Papi Hitting on Thirty-Eight
David Freier | On 22, Jul 2015
The number 38 seems to associate itself with High-A Lynchburg Hillcats left fielder Mike Papi. He and his best friend always had this number, as an inside thing, since his sophomore year of high school. He continued to wear it during his college playing days at the University of Virginia, and he was the 38th overall pick in the supplemental first round in 2014. He has kept the number 38 as he has played professionally, first for Rookie level Mahoning Valley, then the Low-A Lake County Captains and now the Hillcats.
Drafted by the Angels organization out of high school, he chose to attend the University of Virginia where he constructed a strong baseball resume. He captured the Atlantic Coast Conference batting title as a sophomore with a .381 average, and tied for the ACC lead in homeruns with 11 in his junior year, prior to being drafted.
With Lynchburg being in close proximity to Charlottesville, the home of the Virginia Cavaliers, he has garnered a great deal of support while playing in the Hillcats uniform.
“The support is unreal.” he says. “You always hear people yelling in the stands, go Wahoo’s and it’s good to have that support and that backing here.”
In his junior year (2014) the Cavaliers were ranked No. 1 in college baseball for most of the season advancing to the final game of the College World Series in Omaha where they lost to the Commodores of Vanderbilt. The team repeated their performance this year ending with a rematch with the heavily favored Vandy team, but this year the Cavaliers pulled out the victory.
“It was just as sweet as winning it myself.” said Papi about his alma mater’s victorious season. “All the former players who went through there set the groundwork for that team to make it all the way and win it. It means just as much to us as it does to them.”
Since being drafted, his past two summers have been spent adjusting to life as a professional baseball player. Until recently he has had limited success following up on his strong collegiate performance. An oh for seven left his batting average at .175 with only nine doubles out of 27 base hits to end the month of May. Since that low point it has been a different season for Papi.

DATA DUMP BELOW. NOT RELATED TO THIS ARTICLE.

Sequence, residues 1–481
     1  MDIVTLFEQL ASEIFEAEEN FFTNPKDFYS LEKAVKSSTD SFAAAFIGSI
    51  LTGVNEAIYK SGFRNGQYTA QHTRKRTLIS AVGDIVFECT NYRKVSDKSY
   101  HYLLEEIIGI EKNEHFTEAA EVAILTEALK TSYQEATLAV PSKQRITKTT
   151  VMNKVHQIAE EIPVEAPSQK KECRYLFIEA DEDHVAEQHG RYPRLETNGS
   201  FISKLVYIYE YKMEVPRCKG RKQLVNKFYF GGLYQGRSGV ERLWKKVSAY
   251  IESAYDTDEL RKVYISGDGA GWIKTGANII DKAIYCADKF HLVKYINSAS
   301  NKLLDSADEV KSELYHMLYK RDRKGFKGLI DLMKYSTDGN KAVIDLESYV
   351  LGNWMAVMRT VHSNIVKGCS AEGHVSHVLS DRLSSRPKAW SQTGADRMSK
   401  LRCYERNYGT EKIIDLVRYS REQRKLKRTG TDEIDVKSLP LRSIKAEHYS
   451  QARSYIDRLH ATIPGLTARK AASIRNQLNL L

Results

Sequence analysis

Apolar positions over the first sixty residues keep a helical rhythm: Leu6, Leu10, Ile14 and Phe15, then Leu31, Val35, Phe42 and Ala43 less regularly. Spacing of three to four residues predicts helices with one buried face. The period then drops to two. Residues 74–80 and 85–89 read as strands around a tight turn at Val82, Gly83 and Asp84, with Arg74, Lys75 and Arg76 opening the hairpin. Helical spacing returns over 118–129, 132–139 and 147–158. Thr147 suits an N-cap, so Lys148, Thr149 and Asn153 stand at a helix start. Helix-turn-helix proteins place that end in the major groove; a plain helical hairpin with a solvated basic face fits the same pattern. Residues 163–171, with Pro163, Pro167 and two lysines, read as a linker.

For the month of June he hit .328 with a slash line of .464/.478/.942, the polar opposite of his season to that point. He has continued the offensive barrage and has since been moved up to fifth in the batting order by Hillcats manager Mark Budzinski.
He is still working on making the transition from college ball to the professional ranks.
“There’s definitely a transition period.” says Papi. “Getting myself in a better hitting position, making the transition from the metal bat to the wood bat, and the pitching is better.”
His season began to turn around as the Carolina League All-Star break approached. Going into a four game home-and-home series with the Salem Red Sox, the hits began to fall, culminating with a career high four hit performance in Salem on June 11th.
Talking about the changes to his hitting approach Papi said, “Early on I wasn’t capitalizing on mistakes. I was being too passive, too late on my front side and getting beat.”
In the four weeks since that June 11th game Papi has raised his average from .190 to .245, with two homeruns and has nearly tripled his RBI total from 9 to 25.
The first of his two homeruns came on a Sunday afternoon game in Salem where he got to face Red Sox reliever German Taveras.
“He threw me a fastball and I took advantage of the mistake. It was over the meat of the plate.”
It was also a two run drive that tied the game which the Hillcats would go on to win later in the same inning on a grand slam homerun by Bradley Zimmer.
“At UVA I always liked to hit in those clutch situations, and to tie the game up was nice. I had a similar situation two days earlier where I drove one to the wall that I thought was going out. Probably one of the best balls I’ve hit all year, but it got hung up.”
Papi’s second homerun came just a few days later in Wilmington.
“[Eric] Skoglund is a great pitcher, a mix and match pitcher. I got myself in a good fastball count and got a pitch that was over the meat of the plate that I could drive.”
The resurgence in Papi’s bat stems from his work on changing his mindset as a hitter. Named by Baseball America as the having the best plate discipline in the Indians system, he is currently second in the Carolina League in walks with 59, trailing only Myrtle Beach’s Mark Zagunis who has 61. This is not that unusual for Papi as he led the nation in walks his junior year, with 61, which tied the UVA record.
On top of this he holds the longest hitting streak in the Carolina League for 2015 with a 16 game run.
“Hopefully the streak continues,” he said at the 12 game mark, “and if not it’s a very superficial thing.”
Superficial or not he has worked with Hillcats hitting coach Bobby Magallanes to become more aggressive in his mindset.
“His biggest thing is staying aggressive. It’s an aggressive mindset and intent.” said Magallanes. “He’s got good zone recognition, he does draw a lot of walks, but we are trying to make him be more aggressive, to where he is going to attack the ball every pitch.”
Though his hitting streak ended on July 15th he will continue the approach that has turned his season around.
“Take it one at-bat at a time.” he says. “Just try to have a quality at-bat. Hit the ball hard and be consistent. You can make outs hitting the ball hard. Recently the balls have been falling [for hits] and it’s a good feeling.”
He will continue to wear number 38 and bring his calm demeanor to ballpark every day. As he adapts to the professional game his patience and work ethic will help him build on his past success and develop the opportunities for greater success in the future.
Photo: Lianna Holub/DTTWLN photographer